bdg dev2dev Plumtree • BEA AquaLogic Interaction • Oracle WebCenter Interaction

Announcing the Launch of the Social Applications for BEA Participate ’08

You’ve heard the phrase “social applications” being kicked around by BEA and bdg. But what exactly does that mean?

In a nutshell, it means that your experience at BEA.Participate.08 will be like that of no other conference you’ve ever attended. In fact, it may change the entire way you feel about technology conferences.

After registration, you’ll be directed to a web site where you can help us kick off this grand social experiment. During registration, you’ll be asked to fill out a corporate profile by selecting or adding your company, your department, your title and some biographical information. You’ll be asked what products (from BEA or elsewhere) you’re currently using and what products interest you. You’ll be able to “pimp” your profile with an avatar or photo, links, and RSS feeds. Finally, you’ll be asked to take a stab at registering for different Participate.08 breakout sessions. (Don’t worry, you can always come back later and make changes to your breakout session agenda.)

At this point, you’ll be directed to a highly-customized installation of BEA ALI 6.5 backed by a host of bdg-designed and engineered Ruby on Rails applications which form the core of this groundbreaking social system. Log in and you’ll be presented with a simple, elegant UI for:

  1. browsing and selecting tracks and sessions,
  2. viewing other people’s company and personal profile pages and adding them to your “mob,”
  3. sending “shout outs” other users (a playful way to get people’s attention),
  4. sending private (mail) or public (podmob) messages to other people,
  5. browsing and interacting with product pages,
  6. asking questions at a breakout session (through the session rumble),
  7. joining and leaving interest groups focused on industries, products or “whatever,”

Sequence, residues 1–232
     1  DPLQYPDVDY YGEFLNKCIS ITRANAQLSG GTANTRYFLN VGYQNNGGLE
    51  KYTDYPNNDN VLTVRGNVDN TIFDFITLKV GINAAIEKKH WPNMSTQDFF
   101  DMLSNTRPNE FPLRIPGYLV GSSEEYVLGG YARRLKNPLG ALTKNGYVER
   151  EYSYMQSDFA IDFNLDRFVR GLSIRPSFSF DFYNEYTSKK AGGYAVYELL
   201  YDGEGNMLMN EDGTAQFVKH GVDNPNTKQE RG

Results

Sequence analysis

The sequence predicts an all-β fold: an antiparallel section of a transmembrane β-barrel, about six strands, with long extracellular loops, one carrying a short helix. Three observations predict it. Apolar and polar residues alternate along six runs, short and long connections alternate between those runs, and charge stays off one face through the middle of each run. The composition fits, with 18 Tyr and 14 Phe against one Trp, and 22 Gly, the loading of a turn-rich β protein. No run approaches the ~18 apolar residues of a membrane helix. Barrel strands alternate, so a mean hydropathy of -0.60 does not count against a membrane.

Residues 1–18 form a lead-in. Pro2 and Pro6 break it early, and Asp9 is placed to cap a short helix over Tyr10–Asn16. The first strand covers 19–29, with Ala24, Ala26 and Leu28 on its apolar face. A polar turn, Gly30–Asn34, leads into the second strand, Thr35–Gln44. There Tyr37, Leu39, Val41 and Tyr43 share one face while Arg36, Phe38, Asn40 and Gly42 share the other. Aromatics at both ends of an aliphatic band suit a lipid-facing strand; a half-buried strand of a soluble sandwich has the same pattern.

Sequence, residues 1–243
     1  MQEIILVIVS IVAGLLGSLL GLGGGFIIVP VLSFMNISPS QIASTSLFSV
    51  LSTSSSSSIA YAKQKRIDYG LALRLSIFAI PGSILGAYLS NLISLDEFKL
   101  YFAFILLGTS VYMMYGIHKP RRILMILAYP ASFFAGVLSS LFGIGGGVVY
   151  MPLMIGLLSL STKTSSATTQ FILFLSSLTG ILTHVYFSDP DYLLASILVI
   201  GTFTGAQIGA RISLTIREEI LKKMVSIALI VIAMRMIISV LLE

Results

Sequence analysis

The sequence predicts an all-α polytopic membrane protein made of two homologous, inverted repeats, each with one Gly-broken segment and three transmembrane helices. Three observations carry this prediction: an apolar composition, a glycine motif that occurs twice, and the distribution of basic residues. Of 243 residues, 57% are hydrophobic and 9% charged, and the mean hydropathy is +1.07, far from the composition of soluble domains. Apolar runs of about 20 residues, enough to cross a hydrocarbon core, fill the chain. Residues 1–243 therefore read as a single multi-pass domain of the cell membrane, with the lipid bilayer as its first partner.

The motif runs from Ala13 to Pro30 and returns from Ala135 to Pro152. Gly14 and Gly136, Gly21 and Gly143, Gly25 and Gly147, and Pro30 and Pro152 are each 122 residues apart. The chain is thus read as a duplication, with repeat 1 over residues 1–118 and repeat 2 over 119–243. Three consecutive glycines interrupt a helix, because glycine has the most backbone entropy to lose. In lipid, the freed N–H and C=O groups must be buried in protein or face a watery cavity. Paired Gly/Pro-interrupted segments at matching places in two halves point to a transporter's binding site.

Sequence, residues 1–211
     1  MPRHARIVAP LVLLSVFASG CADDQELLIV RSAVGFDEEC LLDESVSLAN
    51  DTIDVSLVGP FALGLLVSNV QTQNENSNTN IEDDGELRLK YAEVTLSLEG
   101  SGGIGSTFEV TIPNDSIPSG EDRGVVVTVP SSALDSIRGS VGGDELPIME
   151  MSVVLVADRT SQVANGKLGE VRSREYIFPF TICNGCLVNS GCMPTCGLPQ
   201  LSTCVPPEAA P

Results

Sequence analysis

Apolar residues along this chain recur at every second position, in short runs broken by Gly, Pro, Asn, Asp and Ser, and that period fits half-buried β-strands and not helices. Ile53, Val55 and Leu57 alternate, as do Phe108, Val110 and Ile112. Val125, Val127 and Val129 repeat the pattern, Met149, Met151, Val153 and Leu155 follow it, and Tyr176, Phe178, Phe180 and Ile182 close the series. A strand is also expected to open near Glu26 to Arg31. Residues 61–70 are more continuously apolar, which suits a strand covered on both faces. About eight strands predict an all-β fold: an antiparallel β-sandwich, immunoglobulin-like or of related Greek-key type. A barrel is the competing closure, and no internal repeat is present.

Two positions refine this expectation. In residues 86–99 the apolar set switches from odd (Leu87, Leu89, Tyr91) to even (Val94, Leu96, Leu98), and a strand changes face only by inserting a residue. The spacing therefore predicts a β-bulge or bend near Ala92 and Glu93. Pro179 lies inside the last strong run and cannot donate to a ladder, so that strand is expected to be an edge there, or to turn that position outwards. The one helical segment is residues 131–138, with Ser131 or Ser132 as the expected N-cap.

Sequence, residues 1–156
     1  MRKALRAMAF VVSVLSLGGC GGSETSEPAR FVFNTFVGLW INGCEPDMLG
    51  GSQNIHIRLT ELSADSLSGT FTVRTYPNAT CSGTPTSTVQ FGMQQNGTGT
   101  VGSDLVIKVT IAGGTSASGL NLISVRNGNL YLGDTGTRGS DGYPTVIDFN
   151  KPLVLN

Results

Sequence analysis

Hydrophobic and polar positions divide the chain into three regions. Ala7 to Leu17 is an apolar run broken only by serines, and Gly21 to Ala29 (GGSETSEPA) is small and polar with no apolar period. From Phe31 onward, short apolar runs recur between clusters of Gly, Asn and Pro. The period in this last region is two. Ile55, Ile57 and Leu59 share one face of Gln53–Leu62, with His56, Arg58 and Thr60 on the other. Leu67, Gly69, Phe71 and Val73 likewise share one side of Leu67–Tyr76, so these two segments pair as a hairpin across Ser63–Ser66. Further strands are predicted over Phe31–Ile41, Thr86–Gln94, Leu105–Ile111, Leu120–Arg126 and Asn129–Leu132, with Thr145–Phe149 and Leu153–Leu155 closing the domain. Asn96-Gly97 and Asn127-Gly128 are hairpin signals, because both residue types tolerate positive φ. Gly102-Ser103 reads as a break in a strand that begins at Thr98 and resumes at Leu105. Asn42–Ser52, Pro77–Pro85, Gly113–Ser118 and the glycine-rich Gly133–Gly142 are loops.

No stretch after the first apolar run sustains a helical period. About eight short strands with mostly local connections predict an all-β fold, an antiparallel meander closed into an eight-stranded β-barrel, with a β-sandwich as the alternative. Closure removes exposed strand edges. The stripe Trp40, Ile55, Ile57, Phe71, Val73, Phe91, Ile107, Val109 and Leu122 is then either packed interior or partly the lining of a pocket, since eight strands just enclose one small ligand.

8. updating your status (to let others know where you are, what your mood is, etc.),
  9. browsing an aggregate feed (the observation deck) which allows you to see what others are doing prior to, at (and even after) the conference.

On top of all this social application goodness, everyone who attends Participate will receive an iPod Touch, with 802.11b/g wireless baked in. (Of course, the conference hotel will have lightening fast free wireless internet access.) In addition to a sleek full-sized browser experience, most of the applications will also be optimized for the iPod Touch (or iPhone) form factor. This means that wherever you are at the conference — sitting in a session, wandering the halls or the partner pavilion, even taking a bathroom break — you’ll be able to network, network, network with your fellow conference attendees.

Let’s face it: are you attending the conference to hear a talking head rattle off lists of features in ALUI or ALBPM? No! You’re going to Participate to learn from your peers. And not just in sessions, but in the halls, during the meals, at the evening events and of course, through these amazing social applications.

So, don’t waste any more time reading about this stuff — come on in and let’s get social!

bdg dev2dev Plumtree • BEA AquaLogic Interaction • Oracle WebCenter Interaction

BEA Participate is Only Two Weeks Away

There’s still time to register for this great conference and take part in a one-of-a-kind social computing experiment.

Register now!


Comments are listed in date ascending order (oldest first)